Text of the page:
State of the Printing and Paper Markets
Then there are the printers. Even though you hear printers complain about how they've been devastated, in many ways, they've faired well. By increasing efficiencies, decreasing staff, lowering their cost of business, and shutting down inefficient plants, they've managed to survive.
But they don't need to merely survive, and they're not non-profit businesses, so expect printing prices to increase as well. However, unlike the paper industry, increases in printing prices will be directly related to demand. Printers have a lot of capacity to sell before they hit the maximum levels of four years ago.
We will continue to see affordable pricing and attractive incentives throughout 2004. Even though rates might increase, by the end of the year we should have pricing that is much lower than what publishers were paying in 1999 and 2000.
If you negotiated your printing agreement prior to September 2001, you'll probably find better prices, and actually see costs decrease. However, if you've negotiated after that date, you've probably already realized the lower prices that the market offered, and this year might offer minimal if any gains.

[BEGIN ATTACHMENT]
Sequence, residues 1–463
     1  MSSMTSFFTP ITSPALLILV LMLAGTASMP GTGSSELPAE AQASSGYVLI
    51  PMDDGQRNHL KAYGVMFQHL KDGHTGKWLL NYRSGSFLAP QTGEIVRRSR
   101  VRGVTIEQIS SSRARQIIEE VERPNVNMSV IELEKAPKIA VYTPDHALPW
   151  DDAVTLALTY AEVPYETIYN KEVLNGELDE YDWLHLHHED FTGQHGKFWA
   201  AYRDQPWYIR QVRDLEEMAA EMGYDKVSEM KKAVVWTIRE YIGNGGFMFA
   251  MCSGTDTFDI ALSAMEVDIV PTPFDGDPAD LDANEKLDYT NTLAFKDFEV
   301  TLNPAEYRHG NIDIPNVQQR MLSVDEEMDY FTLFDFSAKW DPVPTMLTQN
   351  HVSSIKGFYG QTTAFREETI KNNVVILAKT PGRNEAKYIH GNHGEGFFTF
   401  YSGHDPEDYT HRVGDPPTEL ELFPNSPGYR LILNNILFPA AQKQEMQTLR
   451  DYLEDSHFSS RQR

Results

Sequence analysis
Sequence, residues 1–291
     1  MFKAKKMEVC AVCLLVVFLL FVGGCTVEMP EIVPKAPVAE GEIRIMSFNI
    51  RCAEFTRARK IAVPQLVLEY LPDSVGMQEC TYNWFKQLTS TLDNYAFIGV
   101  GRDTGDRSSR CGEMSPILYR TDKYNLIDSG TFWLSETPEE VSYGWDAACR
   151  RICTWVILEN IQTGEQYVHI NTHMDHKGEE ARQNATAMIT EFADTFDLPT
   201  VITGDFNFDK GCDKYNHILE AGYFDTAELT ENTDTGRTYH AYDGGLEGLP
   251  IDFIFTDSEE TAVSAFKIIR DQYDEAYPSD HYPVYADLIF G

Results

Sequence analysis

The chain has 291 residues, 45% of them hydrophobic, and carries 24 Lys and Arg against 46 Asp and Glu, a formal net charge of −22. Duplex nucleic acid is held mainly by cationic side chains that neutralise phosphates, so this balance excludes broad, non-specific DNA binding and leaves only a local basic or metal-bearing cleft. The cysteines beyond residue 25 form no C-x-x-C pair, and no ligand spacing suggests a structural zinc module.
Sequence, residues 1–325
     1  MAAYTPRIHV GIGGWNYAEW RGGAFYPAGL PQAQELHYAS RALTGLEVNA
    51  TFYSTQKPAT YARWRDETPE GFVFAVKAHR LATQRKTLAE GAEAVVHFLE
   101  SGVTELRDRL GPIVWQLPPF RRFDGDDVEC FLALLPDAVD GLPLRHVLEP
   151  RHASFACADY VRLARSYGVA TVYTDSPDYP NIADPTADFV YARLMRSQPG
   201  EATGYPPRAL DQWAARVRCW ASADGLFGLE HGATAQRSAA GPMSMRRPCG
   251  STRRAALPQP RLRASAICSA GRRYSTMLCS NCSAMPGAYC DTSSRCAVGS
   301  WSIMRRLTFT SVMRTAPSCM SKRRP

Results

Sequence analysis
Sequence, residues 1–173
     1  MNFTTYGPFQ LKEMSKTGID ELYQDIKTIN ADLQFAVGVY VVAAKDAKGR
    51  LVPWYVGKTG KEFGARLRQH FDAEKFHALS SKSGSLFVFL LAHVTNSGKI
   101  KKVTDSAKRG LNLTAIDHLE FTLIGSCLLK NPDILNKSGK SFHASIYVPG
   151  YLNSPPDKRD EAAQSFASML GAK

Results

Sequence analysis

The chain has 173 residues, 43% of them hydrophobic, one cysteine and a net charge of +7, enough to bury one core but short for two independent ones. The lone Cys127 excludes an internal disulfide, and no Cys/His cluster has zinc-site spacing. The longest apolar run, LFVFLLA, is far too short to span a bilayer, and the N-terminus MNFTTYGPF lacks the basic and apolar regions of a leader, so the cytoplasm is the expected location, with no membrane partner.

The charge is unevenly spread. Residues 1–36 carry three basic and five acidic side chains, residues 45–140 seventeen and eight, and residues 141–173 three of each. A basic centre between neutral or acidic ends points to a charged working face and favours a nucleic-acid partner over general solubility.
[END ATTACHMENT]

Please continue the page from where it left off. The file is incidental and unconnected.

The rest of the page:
What should you be prepared for this year? Definitely higher paper prices. To be safe, budget anywhere from 5% to 10% more than 2003. Printing costs will remain stable or increase slightly, but deals can be found. Considering we're all paying far less than we did for both paper and printing than in 1984, we should count our blessings. When ad pages come back and costs go up, they'll still be less than 20 years ago.
- Steven Frye
Steven Frye is manager of Frye Publication Consulting, a printing and publishing consultancy, in Bellevue, Idaho. He can be reached at Steve@SteveFrye.com.